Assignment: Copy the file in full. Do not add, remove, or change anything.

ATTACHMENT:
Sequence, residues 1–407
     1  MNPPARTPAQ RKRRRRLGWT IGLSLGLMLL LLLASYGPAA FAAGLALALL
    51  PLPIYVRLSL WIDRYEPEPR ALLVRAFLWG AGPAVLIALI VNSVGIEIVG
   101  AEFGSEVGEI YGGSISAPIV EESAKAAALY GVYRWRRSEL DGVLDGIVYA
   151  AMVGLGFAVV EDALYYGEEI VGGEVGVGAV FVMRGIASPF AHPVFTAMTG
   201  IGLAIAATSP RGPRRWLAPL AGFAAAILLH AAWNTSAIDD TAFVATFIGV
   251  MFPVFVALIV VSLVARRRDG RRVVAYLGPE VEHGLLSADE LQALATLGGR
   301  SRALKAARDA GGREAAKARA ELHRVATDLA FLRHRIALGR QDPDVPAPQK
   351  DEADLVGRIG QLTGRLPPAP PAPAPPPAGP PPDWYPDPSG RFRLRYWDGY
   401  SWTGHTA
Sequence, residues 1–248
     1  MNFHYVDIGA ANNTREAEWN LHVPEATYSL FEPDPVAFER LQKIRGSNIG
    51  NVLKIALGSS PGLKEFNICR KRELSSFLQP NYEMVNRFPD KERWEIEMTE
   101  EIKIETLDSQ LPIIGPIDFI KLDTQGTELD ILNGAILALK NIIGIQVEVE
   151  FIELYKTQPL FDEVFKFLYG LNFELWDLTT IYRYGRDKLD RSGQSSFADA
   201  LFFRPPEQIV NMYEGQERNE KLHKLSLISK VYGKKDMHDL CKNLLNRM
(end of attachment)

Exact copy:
Sequence, residues 1–407
     1  MNPPARTPAQ RKRRRRLGWT IGLSLGLMLL LLLASYGPAA FAAGLALALL
    51  PLPIYVRLSL WIDRYEPEPR ALLVRAFLWG AGPAVLIALI VNSVGIEIVG
   101  AEFGSEVGEI YGGSISAPIV EESAKAAALY GVYRWRRSEL DGVLDGIVYA
   151  AMVGLGFAVV EDALYYGEEI VGGEVGVGAV FVMRGIASPF AHPVFTAMTG
   201  IGLAIAATSP RGPRRWLAPL AGFAAAILLH AAWNTSAIDD TAFVATFIGV
   251  MFPVFVALIV VSLVARRRDG RRVVAYLGPE VEHGLLSADE LQALATLGGR
   301  SRALKAARDA GGREAAKARA ELHRVATDLA FLRHRIALGR QDPDVPAPQK
   351  DEADLVGRIG QLTGRLPPAP PAPAPPPAGP PPDWYPDPSG RFRLRYWDGY
   401  SWTGHTA
Sequence, residues 1–248
     1  MNFHYVDIGA ANNTREAEWN LHVPEATYSL FEPDPVAFER LQKIRGSNIG
    51  NVLKIALGSS PGLKEFNICR KRELSSFLQP NYEMVNRFPD KERWEIEMTE
   101  EIKIETLDSQ LPIIGPIDFI KLDTQGTELD ILNGAILALK NIIGIQVEVE
   151  FIELYKTQPL FDEVFKFLYG LNFELWDLTT IYRYGRDKLD RSGQSSFADA
   201  LFFRPPEQIV NMYEGQERNE KLHKLSLISK VYGKKDMHDL CKNLLNRM